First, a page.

So.... Taking a look at Son's closeup: Still the same actor and makeup artist, and yet another four years gone by. Karloff was about 52--eight years older than he was in Frankenstein--when he did this one. His face has filled out even more than it had in Bride, and has a much softer look to boot. Honestly, this monster has lost its sense of strength and menace. It looks a little... harried and middle-aged to me. And while the overall makeup design is more or less the same as in the two earlier films, instead of strength and massiveness, what I get from this shot is melancholy and a sense of fatigue. I don't know if the lack of menace was intentional or not, but this is definitely a less than menacing monster, here.

The Full-Length Cadaver Shot:


I am not threatening in any way whatsoever. And I am sad about it.

With the bulkier outfit, Son's monster looks less tall and more wide than it has before. Now, Karloff was a long way from what anyone would call overweight; but he was filling in the way many men in their fifties tend to do. Regardless of whether Karloff is a bit heavier or it's just the new outfit... it's not working for me.

I mean, that outfit really underwhelms me. The sleeves are much less shortened than previously, leading to a tall-but-not-that-tall feeling. And while the vest adds bulk, it lacks the angular lines the original suit coat had. The vest gives a sort of soft bulk, as opposed to the suit coat's massive and muscular bulk. I see this monster more at home in an easy chair, with pipe and paper in hand, than I do out terrorizing villagers. Meh.

The Oversize Or Not Shot:


6' 2" Basil looks at 6' 4" Boris.

Not. As in not oversized. Scene after scene, throughout the entire film, we get a six and a half foot monster. Sure, when I see a six and a half foot guy on the street, I (might) think to myself: "Hey, that guy's pretty tall." But I don't think he's monstrously tall. I don't say: "Wow, if it was dark and rainy and he was in a too-small black suit, I might mistake him for Frankenstein's monster"! I do not.

Let's see if Lon Chaney improved things any, with his one-shot as the monster.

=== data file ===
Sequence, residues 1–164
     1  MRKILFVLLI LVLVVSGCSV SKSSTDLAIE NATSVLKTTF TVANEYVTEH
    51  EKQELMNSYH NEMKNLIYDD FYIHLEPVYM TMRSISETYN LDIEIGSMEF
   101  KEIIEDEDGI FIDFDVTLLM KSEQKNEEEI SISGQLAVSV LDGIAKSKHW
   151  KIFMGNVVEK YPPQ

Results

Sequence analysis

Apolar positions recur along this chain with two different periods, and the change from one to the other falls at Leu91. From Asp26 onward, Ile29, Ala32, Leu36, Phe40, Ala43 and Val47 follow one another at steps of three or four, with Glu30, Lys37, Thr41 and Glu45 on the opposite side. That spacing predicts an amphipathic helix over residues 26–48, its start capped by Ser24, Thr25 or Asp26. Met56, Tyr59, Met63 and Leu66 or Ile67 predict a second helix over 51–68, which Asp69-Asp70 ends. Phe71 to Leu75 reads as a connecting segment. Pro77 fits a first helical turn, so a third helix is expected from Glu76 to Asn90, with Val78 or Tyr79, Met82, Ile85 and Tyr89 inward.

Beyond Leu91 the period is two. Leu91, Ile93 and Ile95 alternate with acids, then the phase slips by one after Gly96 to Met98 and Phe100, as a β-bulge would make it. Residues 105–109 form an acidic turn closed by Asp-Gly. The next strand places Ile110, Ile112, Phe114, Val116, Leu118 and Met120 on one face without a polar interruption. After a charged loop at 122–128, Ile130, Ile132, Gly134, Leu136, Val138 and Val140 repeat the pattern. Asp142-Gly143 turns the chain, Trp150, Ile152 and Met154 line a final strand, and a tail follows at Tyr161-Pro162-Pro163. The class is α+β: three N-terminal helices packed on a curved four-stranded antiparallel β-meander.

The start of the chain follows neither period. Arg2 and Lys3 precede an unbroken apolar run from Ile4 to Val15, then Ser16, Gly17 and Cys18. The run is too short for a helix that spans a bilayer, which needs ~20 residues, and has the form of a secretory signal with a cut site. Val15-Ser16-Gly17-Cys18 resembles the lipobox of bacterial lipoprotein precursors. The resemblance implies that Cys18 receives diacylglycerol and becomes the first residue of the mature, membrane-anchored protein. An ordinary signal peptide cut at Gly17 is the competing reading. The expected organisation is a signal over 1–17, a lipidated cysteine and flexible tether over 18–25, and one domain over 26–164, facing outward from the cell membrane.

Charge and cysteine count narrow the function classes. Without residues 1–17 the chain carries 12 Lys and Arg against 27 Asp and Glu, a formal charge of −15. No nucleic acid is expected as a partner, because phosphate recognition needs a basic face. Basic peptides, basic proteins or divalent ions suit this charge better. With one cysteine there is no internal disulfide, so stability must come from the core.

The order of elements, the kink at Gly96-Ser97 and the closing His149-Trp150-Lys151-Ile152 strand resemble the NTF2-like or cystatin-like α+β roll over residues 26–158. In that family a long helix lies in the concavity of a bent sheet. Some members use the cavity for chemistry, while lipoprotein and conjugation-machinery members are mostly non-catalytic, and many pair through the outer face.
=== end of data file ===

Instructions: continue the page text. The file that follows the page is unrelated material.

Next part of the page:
The Ghost of Frankenstein (1942)


The Mug Shot:


Do NOT. Mess with me.

Well. This is a very different monster than Karloff portrayed in any of his films. Jack Pierce is still on hand as makeup artist, and the design is pretty much classic 1931. And to be honest I think Chaney's monster is a step up from Karloff's last portrayal. But Karloff was 5' 11" and a slender 170 pounds, while Chaney was 6' 2" and 220 pounds, and this is where Karloff's features being part of the design lead to a doesn't-quite-fit look, here. Chaney's got a bit of a baby face, to boot, and mixing horrifying reanimated cadaver with chubby just-wanna-pinch-em cheeks doesn't quite work for me. But at the very least this monster looks like it means business, you know? Like bouncer-at-the-stripper-joint or mafia-bodyguard business.

The Full-Length Cadaver Shot:


I am literally standing on a box.

And... we're back to the black suit here, which is a welcome return. Chaney's too broad to give off any kind of dessicated corpse vibes, but he does look pretty massive overall. Big, but not especially tall. Which is weird, since he was reportedly about three inches taller than Karloff when both were out of costume. If he's getting the same 5 inch height-gain from boots and prosthesis, that would put him around 6' 7" in actual real-costumed-life. So I dunno. I guess there's nothing in this photo to judge his size against anyway, so what am I getting all worked up for?

Hm. That suit looks like it was tailored to fit. I feel like we're leaving movie-magic-monstery territory, and heading into slick-economic-film-property territory, here. That's what my gut's telling me, anyway. Gut or no gut, I'm saying Ghost's monster is a slight step up from Son's.

The Oversize Or Not Shot:


I may or may not be 6' 7", and I may or may not be standing on a box.

I was all set to say Chaney's monster is so standing on a box in this photo. But then I had the thought, above, about him being close to 6' 7" in costume and started thinking maybe there is no box. I don't know, what do you think? Lionel Atwill was around 5' 10".... That monster could be 6' 7", maybe a little more. Maybe he's standing on a small box. Or, Atwill could be bending a bit at the knees, just off camera. Hm. Either way, there's quite a bit of box-standing going on in this movie, as evidenced by...

Move along! No boxes to be seen, here! Return to your homes....